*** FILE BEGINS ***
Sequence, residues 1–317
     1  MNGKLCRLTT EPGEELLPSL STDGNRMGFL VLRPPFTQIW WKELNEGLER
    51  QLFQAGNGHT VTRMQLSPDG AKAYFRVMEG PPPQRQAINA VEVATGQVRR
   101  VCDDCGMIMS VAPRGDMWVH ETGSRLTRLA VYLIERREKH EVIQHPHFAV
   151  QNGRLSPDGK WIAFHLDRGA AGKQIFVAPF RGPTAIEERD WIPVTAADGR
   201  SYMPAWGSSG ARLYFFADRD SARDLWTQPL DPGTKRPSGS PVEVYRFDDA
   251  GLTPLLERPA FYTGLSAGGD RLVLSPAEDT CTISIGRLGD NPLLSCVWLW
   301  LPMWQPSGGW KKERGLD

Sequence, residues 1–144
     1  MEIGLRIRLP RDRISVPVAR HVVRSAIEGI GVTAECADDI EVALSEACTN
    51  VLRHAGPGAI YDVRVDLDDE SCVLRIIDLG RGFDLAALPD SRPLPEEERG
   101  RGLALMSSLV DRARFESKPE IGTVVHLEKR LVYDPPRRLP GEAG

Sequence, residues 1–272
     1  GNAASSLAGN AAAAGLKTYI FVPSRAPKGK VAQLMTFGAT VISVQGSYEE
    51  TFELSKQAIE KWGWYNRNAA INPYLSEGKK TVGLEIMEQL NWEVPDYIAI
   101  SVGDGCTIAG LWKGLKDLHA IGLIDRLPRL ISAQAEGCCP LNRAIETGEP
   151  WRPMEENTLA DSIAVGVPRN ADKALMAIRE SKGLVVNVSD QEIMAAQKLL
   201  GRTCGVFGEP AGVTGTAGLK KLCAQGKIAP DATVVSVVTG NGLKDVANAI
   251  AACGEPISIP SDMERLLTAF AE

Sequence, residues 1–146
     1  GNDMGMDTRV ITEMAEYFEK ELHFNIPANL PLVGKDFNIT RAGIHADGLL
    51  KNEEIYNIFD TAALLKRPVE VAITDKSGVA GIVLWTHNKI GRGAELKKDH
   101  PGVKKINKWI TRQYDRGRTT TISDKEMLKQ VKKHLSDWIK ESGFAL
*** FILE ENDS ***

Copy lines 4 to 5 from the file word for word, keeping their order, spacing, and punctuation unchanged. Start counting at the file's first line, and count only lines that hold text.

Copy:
   101  VCDDCGMIMS VAPRGDMWVH ETGSRLTRLA VYLIERREKH EVIQHPHFAV
   151  QNGRLSPDGK WIAFHLDRGA AGKQIFVAPF RGPTAIEERD WIPVTAADGR